Doctors from Israel traveled to Peru to pitch in at hospital emergency rooms after a fireworks explosion killed and injured hundreds.On Dec. 31, 2001, fireworks explosions ripped through Lima, Peru. The explosions and ensuing fire killed hundreds and seriously injured …
Israel was the first country to offer assistance to Peru, according to Gershon Gan, Director of Policy Planning and External Affairs at the Israeli Ministry of Foreign Affairs’ Center for International Cooperation. The Center is known by its Hebrew acronym MASHAV. Under its auspices, Dr. Eyal Winkler, an attending physician at the Department of Plastic and Reconstructive Surgery and head of the burn unit at Chaim Sheba Medical Center, Tel Hashomer, was quickly dispatched, along with colleague Dr. Josef Haik, to Lima.
“After we arrived we were immediately taken to Loayza Hospital, Lima’s main hospital, where 64 of the injured were hospitalized,” Winkler said. “We rolled up our sleeves and started helping the local staff with whatever they needed.” The doctors not only performed surgery on more than 20 patients, they also assisted with the basics, such as changing dressings.
“Most of the patients we saw had medium to severe burns, primarily in the extremities, but also on the back and face. These are people who somehow managed to escape on their own. Our personal contribution was both in terms of physical work and in a few gadgets that we brought with us,” he said.
In addition to working at Loayza Hospital, the two Israeli doctors, who spent eight days in Peru, also provided consultations at two other hospitals. “A terrible tragedy happened there,” Winkler said. “The people came together in a very good way and greeted us warmly. A very nice cooperation developed, we exchanged information and have already agreed to continue to exchange information and learn from each other in those areas in which each side is strong.”
Before they left Peru, the doctors received honorary membership in the Peruvian Society for the Prevention of Burns. Peruvian President Alejandro Toledo acknowledged Israel’s assistance in the wake of the disaster in a nationally broadcast address to the nation. He also hosted the Israeli doctors at his presidential palace, took them to visit at a friend’s house and on a sightseeing flight. According to Winkler, Toledo is a strong supporter of Israel who is awaiting a formal invitation to visit Israel.
MASHAV is a special division within the Israeli Ministry of Foreign Affairs. The organization sometimes gets headlines during times of crisis, but Israel has a record of assisting other countries that spans six decades. After a 1958 trip to Africa, then-Foreign Minister Golda Meir formed the idea of assisting other countries. She believed Israel had to play a significant role in helping countries that had recently gained independence to develop. The work quickly branched out beyond Africa.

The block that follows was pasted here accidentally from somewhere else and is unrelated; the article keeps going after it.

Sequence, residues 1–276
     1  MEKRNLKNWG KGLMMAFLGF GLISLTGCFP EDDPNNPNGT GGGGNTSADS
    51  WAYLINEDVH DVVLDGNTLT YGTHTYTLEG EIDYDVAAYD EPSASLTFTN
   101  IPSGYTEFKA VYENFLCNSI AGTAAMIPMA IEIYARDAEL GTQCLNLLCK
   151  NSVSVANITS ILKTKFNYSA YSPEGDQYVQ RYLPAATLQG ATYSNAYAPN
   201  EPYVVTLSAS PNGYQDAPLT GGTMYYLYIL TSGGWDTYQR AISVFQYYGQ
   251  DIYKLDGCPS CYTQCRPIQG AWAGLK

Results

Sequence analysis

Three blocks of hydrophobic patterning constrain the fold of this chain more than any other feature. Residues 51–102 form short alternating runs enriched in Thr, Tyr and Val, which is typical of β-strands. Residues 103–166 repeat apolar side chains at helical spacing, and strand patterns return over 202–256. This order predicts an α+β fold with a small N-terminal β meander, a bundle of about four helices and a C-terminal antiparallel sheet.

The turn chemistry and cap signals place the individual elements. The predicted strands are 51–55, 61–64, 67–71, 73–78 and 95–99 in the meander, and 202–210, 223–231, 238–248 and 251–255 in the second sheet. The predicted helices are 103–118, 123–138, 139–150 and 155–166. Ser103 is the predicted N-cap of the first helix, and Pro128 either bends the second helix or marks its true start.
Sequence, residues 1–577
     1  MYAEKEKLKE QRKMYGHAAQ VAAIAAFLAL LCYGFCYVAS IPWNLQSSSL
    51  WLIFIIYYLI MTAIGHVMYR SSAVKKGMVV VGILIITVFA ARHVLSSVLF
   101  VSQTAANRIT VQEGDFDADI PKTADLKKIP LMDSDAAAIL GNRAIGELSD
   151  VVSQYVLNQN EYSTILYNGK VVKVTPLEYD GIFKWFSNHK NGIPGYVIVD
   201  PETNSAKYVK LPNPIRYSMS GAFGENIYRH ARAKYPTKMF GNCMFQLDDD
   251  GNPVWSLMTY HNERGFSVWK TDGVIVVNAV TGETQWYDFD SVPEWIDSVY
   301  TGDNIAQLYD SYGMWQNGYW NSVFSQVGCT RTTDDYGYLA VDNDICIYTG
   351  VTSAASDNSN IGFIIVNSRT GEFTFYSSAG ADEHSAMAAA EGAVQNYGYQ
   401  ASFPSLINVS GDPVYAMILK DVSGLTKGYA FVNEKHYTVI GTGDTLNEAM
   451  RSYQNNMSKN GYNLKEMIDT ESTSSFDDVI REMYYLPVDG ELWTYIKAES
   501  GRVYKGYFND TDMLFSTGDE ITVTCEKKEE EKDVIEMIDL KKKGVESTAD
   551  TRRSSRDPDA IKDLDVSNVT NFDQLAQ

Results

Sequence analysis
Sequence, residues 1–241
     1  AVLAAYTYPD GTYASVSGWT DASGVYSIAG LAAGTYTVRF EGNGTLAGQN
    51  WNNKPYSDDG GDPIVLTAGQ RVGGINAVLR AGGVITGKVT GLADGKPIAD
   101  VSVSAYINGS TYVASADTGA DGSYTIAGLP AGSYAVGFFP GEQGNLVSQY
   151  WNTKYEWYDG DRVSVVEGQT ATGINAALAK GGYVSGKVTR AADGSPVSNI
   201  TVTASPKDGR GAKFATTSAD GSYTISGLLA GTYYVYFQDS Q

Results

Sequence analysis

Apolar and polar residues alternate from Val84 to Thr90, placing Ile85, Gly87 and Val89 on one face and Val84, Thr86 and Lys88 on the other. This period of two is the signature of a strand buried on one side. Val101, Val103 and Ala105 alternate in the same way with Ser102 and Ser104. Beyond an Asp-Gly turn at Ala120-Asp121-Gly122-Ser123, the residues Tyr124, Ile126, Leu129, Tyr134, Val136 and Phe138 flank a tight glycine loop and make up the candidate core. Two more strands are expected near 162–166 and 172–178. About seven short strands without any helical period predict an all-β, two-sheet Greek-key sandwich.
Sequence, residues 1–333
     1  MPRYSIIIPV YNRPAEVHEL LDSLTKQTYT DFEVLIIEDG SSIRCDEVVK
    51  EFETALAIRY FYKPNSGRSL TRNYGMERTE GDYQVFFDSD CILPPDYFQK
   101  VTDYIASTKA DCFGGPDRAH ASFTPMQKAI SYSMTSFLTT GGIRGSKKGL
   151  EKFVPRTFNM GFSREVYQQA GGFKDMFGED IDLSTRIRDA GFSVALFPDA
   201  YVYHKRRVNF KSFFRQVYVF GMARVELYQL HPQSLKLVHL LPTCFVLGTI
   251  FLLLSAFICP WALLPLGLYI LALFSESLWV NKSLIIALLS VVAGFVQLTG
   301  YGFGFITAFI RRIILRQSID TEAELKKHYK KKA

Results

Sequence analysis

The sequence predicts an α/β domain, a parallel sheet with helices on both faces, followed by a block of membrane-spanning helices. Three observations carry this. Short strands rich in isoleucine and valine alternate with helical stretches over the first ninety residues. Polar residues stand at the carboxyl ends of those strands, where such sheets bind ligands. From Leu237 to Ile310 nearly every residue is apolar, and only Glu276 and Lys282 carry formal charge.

Since its inception, MASHAV has trained more than 200,000 people from 130 countries. MASHAV provides training in a variety of subjects including agriculture, public health and medical programs, community development, integrated rural regional development and other areas. MASHAV provides courses in Israel and in partner countries. Programs include on-the-spot courses, as well as short- and long-term consultancies.
In its early years, Israel had to absorb large numbers of immigrants and overcome a myriad of obstacles, which is just one of the reasons it is uniquely positioned to provide assistance to developing nations.
Commenting on the both recent mission to Peru and MASHAV’s continuing work, Dr. Yossi Baratz, a senior advisor to MASHAV said, “The doctors were in Peru during the critical week right after the fire. Each year we have about a dozen to 20 cases in which we provide humanitarian aid that involves sending people rather than equipment. We have responded numerous times. Just in the last few years we have been involved in other cases that have involved burn victims as well; for instance, when two trains collided in Cameroon (in 1998), we also sent doctors.” Baratz said MASHAV’s work is broad and includes a variety of ongoing projects and does not focus just on responding to crises.
In 2001, roughly 3,000 trainees participated in programs in Israel and another 4,000 in training overseas. Some of the medical missions conducted during the year included eye camps in Zimbabwe, Cameroon and Mozambique; malaria prevention in Senegal; mental health training in Cyprus and Romania; upgrading an intensive care unit in Turkey; and establishing a pressure chamber for deep sea diving in Eritrea.
Recent MASHAV agricultural programs include setting up an agricultural marketing program in Costa Rica; developing irrigation and greenhouse technologies in Hungary; a demonstration farm for adapted technologies; and crop diversification in China. There are also programs to introduce modern dairy farming in Kazakhstan and a program in the Philippines to introduce new agricultural technologies, as well as other ongoing projects.